If you have ever glanced at our Quick Facts on Pittsburgh, you may know that Pittsburgh has nearly two dozen sister cities. We are kin with well-known metropolises such as Sofia, Bulgaria, and Zagreb, Croatia, and lesser-known nooks around the globe like Karmiel, Israel, and Fernando de la Mora, Paraguay.
President Eisenhower founded the Sister City movement in 1956 to connect people around the globe, promote friendship, and increase collaboration. For instance, we are siblings with Wuhan, China, which claims to have the world’s largest bike share program. Likewise, we now have a bike share program. While all this family fraternizing may be beneficial, we think Pittsburgh has more in common with some other cities around the world than some of our official ones. As such, we’ve complied our own “Sisters List” and let’s just say our list is more like Blanche DuBois than her sister Stella–our list may leave less than a streetcar to be desired.
Yushan National Park, Taiwan
This area of Asia is known as the Landslide Capital of the World. Because of its steep slopes and torrential rains—with monsoons dropping what would be several years’ worth of rain for other cites on this area—Yushan has seen whole mountainsides collapse. In 2018, the Pittsburgh area experienced 70 landslides. Partnering with Yushan may help us to learn some tips on how to cope with the shifting soil under our feet. And perhaps their residents can tell us where we can get “Detour” signs in bulk.
This town is where Ikea was founded. As world famous practitioners of the Pittsburgh “parking chair,” which serves to reserve shoveled-out parking spots during snowstorms, Pittsburgh would benefit by adopting Almhult. This Swedish city could advise on using sleeker, more stylish chairs than those 40-year-old chrome and vinyl babies your Aunt Carmella gave you that you keep in the coal cellar until a blizzard hits. And lord knows, with the amount of snow they get in Sweden, the chairs would undoubtedly be weather resistant. Perhaps in exchange, we could offer the help of some techie types from CMU who could help the people in Almhult to simplify those complex Ikea assembly instructions.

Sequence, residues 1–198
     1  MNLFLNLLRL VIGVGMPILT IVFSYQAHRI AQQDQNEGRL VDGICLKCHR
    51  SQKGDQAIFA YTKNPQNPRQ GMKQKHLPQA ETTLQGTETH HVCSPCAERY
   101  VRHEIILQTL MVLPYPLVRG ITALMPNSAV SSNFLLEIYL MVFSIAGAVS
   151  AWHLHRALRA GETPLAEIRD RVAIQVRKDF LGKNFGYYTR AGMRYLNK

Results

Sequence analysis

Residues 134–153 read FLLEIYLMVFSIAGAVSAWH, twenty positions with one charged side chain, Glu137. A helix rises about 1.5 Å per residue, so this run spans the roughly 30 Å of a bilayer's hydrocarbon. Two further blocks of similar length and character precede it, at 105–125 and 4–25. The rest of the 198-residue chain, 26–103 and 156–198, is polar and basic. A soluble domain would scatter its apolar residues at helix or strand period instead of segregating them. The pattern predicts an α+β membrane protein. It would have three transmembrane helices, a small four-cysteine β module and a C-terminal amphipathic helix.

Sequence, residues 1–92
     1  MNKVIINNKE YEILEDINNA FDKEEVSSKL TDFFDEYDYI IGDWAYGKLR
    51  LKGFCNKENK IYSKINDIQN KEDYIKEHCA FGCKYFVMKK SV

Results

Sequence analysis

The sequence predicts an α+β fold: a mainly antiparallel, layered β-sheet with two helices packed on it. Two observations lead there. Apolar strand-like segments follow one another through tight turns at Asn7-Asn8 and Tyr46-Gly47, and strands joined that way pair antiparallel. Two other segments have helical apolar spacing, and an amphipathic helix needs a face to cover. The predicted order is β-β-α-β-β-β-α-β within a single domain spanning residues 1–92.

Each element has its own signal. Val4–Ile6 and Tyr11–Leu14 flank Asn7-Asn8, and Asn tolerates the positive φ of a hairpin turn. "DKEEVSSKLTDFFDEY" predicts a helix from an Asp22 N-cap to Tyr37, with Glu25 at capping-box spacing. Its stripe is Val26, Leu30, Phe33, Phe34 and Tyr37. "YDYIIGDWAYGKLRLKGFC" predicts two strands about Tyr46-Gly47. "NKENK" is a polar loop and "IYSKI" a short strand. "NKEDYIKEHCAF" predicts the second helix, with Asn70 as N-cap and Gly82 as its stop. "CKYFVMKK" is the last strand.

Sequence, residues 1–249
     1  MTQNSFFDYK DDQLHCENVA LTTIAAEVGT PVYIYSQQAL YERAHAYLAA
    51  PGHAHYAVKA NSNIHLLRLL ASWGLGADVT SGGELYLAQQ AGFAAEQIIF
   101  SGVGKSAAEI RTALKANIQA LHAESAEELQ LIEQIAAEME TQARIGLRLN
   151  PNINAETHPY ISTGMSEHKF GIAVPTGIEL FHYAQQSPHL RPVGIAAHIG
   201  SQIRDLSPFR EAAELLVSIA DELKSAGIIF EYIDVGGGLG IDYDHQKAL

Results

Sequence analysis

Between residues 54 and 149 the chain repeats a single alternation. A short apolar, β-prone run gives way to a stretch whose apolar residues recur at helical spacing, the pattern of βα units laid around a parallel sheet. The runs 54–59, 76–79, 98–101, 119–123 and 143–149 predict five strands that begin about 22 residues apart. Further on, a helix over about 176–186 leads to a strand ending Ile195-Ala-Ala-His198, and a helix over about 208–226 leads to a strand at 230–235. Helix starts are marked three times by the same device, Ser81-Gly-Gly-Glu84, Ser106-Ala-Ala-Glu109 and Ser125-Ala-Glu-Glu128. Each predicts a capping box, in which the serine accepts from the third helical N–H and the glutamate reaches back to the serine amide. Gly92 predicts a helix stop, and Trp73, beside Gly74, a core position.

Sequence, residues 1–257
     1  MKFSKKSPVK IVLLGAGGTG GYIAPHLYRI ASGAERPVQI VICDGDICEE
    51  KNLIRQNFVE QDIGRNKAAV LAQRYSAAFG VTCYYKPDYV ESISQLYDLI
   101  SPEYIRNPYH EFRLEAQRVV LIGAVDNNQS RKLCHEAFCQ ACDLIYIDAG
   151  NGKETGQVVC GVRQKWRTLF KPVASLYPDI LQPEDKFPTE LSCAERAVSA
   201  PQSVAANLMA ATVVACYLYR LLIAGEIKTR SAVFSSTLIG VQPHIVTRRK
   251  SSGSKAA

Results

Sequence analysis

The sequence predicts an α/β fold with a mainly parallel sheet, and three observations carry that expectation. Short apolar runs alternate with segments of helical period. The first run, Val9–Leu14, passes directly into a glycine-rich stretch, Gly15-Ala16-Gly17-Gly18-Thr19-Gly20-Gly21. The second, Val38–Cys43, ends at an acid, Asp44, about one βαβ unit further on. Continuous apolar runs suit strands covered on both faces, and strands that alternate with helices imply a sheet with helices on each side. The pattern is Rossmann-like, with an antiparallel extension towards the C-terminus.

Pittsburgh is already the home of the world’s best ketchup, and we devote a whole summer weekend to pickles with Picklesburg. Therefore, it would only be fitting that we complement our city with a condiment city like Dijon, which is the home of mustard. Now, if we could triangulate with Frankfurt, Germany, the originator of the frankfurter, we’d have the makings for a great global sandwich.
Nagpur is the 13th most populous city in India and is known as the Orange City because of the tasty Nagpur oranges grown there. Pittsburgh should cozy up to Nagpur because of our common orange heritage. The only difference is that our orange notoriety comes from the ubiquitous orange traffic cones and barrels that sprout like weeds around our city.
Residents of Birmingham speak English with what is known as a “Brummie” accent—think Ozzy Osbourne. This dialect has been looked down upon by speakers of the King’s English. Like our Birmingham brethren, Pittsburgh’s Yinzer accent is met with derision. Also, Birmingham was once known as a steel town and like Pittsburgh their steel industry fell on hard times too. Brummies and Yinzers could bond over brews—and maybe even watch Flashdance together as a cultural exchange type of event.
It was writer Leo Tolstoy who said, “All happy families are alike: each unhappy family is unhappy in its own way.” Pittsburgh needs to add some wacky sisters to remain unique.
By Janice Lane Palko